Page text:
Criterion’s new 4K restoration showcases DP Roger Deakins’ purposely de-saturated cinematography, which (quite literally) helps sets the bleak tone of the film (Deakins supervised the transfer). You have a choice of two music scores-one by The Eurythmics and the other by composer Dominic Muldowney. Extras include new interviews with director Radford, DP Deakins, and David Ryan (the author of George Orwell on Screen).

Blu-ray reissue: Local Hero ****

By Dennis Hartley

(Originally posted on Digby’s Hullabaloo on December 14, 2019)

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Local Hero – Spirit Entertainment (Region “B” Blu-ray)

This magical, wonderfully droll and observant 1983 social satire from Scottish writer-director Bill Forsyth has been on my Blu-ray wish list for many years. I was beginning to despair that I was waiting in vain for “someone” to do a restoration/HD upgrade…and bam! Two studios simultaneously release 2K digital restorations on Blu-ray in 2019 (more on my dilemma in a moment).

Peter Reigert is perfectly cast as Macintyre, a Texas-based executive who is assigned by the head of “Knox Oil & Gas” (Burt Lancaster) to scope out a sleepy Scottish hamlet that sits on the edge of an oil-rich bay. He is to negotiate with all the local property owners and essentially buy out the entire town so that the company can build a huge refinery.

While he considers himself “more of a Telex man”, who would prefer to knock out such an assignment “in an afternoon”, Mac sees the overseas trip as a possible fast track for a promotion within the corporation. As this quintessential 80s Yuppie works to ingratiate himself with the unhurried locals (quite impatiently at first), a classic “fish out of water” transformation ensues. It’s the kindest and gentlest Ugly American tale you’ve ever seen.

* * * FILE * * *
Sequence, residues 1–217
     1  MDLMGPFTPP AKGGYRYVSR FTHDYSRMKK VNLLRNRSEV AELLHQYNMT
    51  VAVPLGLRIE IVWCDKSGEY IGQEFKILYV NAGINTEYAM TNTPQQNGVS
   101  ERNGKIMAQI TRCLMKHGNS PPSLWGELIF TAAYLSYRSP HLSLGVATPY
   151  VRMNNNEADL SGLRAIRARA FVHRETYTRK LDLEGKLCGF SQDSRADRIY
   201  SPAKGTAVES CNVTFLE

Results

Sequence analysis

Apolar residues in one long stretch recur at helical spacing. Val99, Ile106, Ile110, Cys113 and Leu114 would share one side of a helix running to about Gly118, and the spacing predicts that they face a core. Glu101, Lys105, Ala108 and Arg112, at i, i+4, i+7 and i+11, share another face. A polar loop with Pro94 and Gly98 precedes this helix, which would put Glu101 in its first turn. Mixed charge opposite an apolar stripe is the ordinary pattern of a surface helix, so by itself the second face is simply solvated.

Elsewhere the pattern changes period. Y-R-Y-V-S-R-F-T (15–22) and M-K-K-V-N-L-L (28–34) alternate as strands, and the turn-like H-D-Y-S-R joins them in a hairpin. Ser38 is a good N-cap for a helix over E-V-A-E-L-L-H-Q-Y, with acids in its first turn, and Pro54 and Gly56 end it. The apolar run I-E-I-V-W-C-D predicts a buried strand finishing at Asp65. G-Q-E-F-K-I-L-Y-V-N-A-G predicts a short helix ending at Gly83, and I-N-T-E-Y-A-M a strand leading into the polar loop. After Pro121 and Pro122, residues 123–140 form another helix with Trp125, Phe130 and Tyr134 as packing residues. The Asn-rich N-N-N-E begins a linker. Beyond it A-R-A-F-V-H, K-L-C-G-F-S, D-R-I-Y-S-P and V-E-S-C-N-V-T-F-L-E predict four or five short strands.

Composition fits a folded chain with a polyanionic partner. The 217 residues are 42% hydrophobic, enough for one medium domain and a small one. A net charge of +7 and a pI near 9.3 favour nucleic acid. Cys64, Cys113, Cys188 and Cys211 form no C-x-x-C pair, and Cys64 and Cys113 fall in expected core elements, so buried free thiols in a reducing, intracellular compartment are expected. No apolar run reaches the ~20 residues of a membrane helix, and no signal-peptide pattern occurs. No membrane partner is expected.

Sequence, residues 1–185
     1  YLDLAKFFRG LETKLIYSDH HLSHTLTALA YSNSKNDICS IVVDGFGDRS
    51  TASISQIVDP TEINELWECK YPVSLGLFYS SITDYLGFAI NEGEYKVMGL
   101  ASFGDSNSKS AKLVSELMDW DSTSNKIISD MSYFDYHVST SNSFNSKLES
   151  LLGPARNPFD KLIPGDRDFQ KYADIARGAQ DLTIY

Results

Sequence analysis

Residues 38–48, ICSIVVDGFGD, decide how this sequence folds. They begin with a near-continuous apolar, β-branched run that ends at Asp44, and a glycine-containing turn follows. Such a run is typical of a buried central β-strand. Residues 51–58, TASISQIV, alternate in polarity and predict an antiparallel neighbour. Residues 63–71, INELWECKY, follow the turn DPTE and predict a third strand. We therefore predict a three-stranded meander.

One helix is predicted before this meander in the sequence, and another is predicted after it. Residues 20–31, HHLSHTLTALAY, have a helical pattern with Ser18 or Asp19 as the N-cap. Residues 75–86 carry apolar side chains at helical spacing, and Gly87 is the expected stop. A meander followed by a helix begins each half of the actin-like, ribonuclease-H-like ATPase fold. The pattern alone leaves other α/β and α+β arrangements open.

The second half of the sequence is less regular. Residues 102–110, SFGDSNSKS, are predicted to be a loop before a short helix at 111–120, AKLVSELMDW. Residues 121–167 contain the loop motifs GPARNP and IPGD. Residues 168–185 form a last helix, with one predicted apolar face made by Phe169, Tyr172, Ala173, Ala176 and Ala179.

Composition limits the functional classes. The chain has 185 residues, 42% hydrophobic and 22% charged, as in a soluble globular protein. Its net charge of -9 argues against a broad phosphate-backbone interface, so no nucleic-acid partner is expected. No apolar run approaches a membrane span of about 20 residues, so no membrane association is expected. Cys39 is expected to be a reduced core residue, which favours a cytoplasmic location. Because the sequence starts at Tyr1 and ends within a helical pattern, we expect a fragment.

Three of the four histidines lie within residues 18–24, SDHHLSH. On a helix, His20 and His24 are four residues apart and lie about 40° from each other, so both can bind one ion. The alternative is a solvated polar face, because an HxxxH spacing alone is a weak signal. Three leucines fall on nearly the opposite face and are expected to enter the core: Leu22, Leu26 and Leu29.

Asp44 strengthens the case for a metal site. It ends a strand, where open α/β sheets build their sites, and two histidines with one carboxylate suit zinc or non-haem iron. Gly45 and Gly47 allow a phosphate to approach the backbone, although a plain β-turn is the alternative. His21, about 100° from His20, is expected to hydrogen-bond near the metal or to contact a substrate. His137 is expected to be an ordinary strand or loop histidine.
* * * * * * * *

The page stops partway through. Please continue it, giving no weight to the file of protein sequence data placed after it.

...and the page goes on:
Full disclosure: I can only base my assessment of image quality on the disc that I own, which is from the UK outfit Spirit Entertainment (please note it is Region “B” locked). As mentioned earlier, this is a new 2K restoration, and it’s breathtaking (it’s a beautiful looking film to begin with).

Now, the “other” studio who has put out an edition of the film is The Criterion Collection. I have not viewed their edition, but based on their product description, I can safely assume that their 2K transfer is from the same recently struck restoration. Both editions have good extra features (several of them duplicate), but what swayed me to the Spirit Entertainment version was a new 2019 interview with Mark Knopfler (which the Criterion edition does not contain) discussing his classic soundtrack.

Blu-ray reissue: The Harder They Come (****)

By Dennis Hartley

(Originally posted on Digby’s Hullabaloo on December 14, 2019)

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The Harder They Come – Shout! Factory

While the Jamaican film industry didn’t experience an identifiable “new wave” until the early 80s (with films like Dickie Jobson’s Countryman and Theodoros Bafaloukos’ Rockers), Perry Henzel’s 1973 cult classic can certainly lay claim as The One That Started It All.

From its opening scene, when a wide-eyed country boy named Ivan (played by reggae’s original superstar, Jimmy Cliff) hops off a Jolly Bus in the heart of Kingston to the strains of Cliff’s“You Can Get It If You Really Want”, to its blaze of glory finale, the film maintains an ever-forward momentum, pulsating all the while to the heartbeat riddim of an iconic music soundtrack.

Shout Factory’s 4K scan is taken from the original 16mm negative; although it should be pointed out that this is not a “restoration”, per se (i.e., I noticed occasional scratches and debris in the image). Image quality on previous transfers has been consistently problematic.